Navy warship runs aground near Honolulu airportSaturday, February 7, 2009 5:04 AM EST The Associated Press
The Navy hopes a high tide due to reach Hawaii early Saturday will enable it to refloat a 9,600-ton warship that ran aground about a half mile off seaside Honolulu International Airport.
An initial effort by Navy tugs early Friday to free the guided missile cruiser USS Port Royal was unsuccessful. The $1 billion ship ran aground Thursday night while carrying guests that included a rear admiral.
"We're certainly working on bringing to bear the resources we have to move her off the current position. We're still putting that plan together," said Capt. W. Scott Gureck, a spokesman for U.S. Pacific Fleet. "Obviously, the high tide gives us an opportunity to do that."
Divers and the salvage ship USS Salvor would try to tow the 567-foot vessel, the Navy said.
The cause of the grounding on the sandy bottom and the extent of damage to the vessel were under investigation.
"I'm not going to speculate on what happened," Gureck said.
The Port Royal left Pearl Harbor on Thursday for sea trials after being dry-docked for routine maintenance. The ship ran aground while shore-based officials were being transferred to shore by small boat, the Navy said.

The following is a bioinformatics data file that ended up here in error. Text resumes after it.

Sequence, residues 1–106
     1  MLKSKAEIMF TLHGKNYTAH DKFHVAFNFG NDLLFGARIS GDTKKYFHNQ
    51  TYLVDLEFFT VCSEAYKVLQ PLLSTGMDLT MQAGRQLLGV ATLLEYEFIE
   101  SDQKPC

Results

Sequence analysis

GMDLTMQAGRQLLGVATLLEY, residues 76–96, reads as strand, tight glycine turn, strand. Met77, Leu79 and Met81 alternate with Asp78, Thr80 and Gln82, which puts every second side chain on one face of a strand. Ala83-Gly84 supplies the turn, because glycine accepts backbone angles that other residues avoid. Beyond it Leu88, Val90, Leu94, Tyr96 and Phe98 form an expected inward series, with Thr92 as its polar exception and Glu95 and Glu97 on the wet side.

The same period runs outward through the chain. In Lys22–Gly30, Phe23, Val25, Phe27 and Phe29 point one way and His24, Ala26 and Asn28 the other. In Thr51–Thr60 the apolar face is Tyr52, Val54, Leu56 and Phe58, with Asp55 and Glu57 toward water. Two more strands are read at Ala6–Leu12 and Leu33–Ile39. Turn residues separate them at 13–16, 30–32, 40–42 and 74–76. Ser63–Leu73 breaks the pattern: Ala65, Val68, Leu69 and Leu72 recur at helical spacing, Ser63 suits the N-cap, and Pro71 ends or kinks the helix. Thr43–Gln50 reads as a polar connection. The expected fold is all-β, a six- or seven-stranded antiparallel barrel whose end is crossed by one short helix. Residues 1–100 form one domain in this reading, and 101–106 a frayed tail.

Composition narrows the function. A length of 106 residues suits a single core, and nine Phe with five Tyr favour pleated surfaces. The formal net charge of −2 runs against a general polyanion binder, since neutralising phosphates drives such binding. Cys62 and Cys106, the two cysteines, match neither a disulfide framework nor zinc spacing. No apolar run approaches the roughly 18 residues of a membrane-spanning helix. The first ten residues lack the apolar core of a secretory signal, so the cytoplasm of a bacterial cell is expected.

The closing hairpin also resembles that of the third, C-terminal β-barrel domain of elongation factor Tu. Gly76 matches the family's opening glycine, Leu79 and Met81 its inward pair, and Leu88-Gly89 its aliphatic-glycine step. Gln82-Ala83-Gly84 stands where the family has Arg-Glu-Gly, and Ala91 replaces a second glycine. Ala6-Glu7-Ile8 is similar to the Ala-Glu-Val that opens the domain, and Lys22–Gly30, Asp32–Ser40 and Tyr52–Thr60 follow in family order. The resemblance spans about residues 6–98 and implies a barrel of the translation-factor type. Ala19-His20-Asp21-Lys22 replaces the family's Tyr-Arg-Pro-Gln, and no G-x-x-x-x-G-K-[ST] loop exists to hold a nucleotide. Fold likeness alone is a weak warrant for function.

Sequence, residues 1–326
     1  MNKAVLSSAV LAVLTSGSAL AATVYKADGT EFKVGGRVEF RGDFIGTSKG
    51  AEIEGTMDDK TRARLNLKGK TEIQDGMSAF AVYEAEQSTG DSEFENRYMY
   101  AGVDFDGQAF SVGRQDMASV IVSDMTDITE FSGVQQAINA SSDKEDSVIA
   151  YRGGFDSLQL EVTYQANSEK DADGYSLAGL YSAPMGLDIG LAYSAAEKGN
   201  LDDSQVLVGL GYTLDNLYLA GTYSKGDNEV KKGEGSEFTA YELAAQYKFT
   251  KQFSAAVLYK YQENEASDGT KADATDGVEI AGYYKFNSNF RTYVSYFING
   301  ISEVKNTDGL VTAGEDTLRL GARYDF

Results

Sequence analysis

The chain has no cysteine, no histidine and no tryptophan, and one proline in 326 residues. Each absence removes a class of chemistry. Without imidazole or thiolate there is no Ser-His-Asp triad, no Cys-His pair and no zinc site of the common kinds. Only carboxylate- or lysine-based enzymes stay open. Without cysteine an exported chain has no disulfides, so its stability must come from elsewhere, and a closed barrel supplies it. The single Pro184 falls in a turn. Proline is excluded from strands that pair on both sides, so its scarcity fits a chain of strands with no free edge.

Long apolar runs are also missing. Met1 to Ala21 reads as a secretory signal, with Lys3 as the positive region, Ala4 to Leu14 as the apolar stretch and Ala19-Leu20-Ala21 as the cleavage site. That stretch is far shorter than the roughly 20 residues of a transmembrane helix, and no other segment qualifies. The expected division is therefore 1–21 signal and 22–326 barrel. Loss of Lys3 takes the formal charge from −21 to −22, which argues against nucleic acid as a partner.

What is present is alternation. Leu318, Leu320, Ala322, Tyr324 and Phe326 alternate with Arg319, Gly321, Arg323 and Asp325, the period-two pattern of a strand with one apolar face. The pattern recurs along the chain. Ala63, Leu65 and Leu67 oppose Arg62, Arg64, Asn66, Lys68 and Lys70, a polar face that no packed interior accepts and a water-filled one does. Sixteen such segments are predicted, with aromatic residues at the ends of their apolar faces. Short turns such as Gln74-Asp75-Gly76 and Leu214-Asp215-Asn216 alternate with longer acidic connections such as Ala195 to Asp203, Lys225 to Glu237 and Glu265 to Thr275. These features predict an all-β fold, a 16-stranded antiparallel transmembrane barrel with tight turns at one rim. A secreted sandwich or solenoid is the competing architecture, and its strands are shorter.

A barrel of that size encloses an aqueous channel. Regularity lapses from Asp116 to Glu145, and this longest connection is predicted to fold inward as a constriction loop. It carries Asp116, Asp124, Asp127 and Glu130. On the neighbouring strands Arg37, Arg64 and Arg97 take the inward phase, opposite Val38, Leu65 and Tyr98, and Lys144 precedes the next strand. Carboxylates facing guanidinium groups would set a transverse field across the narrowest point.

An oil recovery vessel, the Clean Islands, was positioned behind the warship as a precaution as the U.S. Coast Guard monitored the situation.
"We know that there is no oil spill at this point, and we're confident the Navy is doing everything it can," Coast Guard Lt. John Titchen said.
Commissioned in 1994, the Port Royal has a crew of about 360. The crew stayed aboard the ship, along with Navy officials such as Rear Adm. Dixon R. Smith, commander Navy Region Hawaii and Naval Surface Group Middle Pacific.

Tuesday, February 3, 2009

Admiral Keating

Admiral Keating was an excellent speaker. The funny thing is, I found his picture in the Kitty Hawk Cruisebook that I bought on E-Bay last year.

It turns out there were over 2000 people at the decommissioning ceremony! I found that out at the Kitty Hawk site.

Here is the Kitty Hawk site.

Monday, February 2, 2009

Odd Shots

So, over the weekend, I went to Bremerton and visited the Puget Sound Naval Ship Yard. Whilst there, we attended the decommissioning ceremony of the Kitty Hawk. I also took a few pictures of ships tht were also there. There is no where ner as many ships there as there were 10 years ago, but the ones that are there are bigger.

Four super carriers and an *EDIT* Oliver Hazard Perry class ship. I don't know which one it is, though. It may be the USS Sides.*EDIT* I was wrong. I should have recognized that this was NOT an Oliver Hazard Perry class frigate. This is a Cruiser. It appears to be of the Ticonderoga class, though I do not know which flight. I hope an observant reader will help me ID this ship! further research indicates it MAY be the USS Vincennes.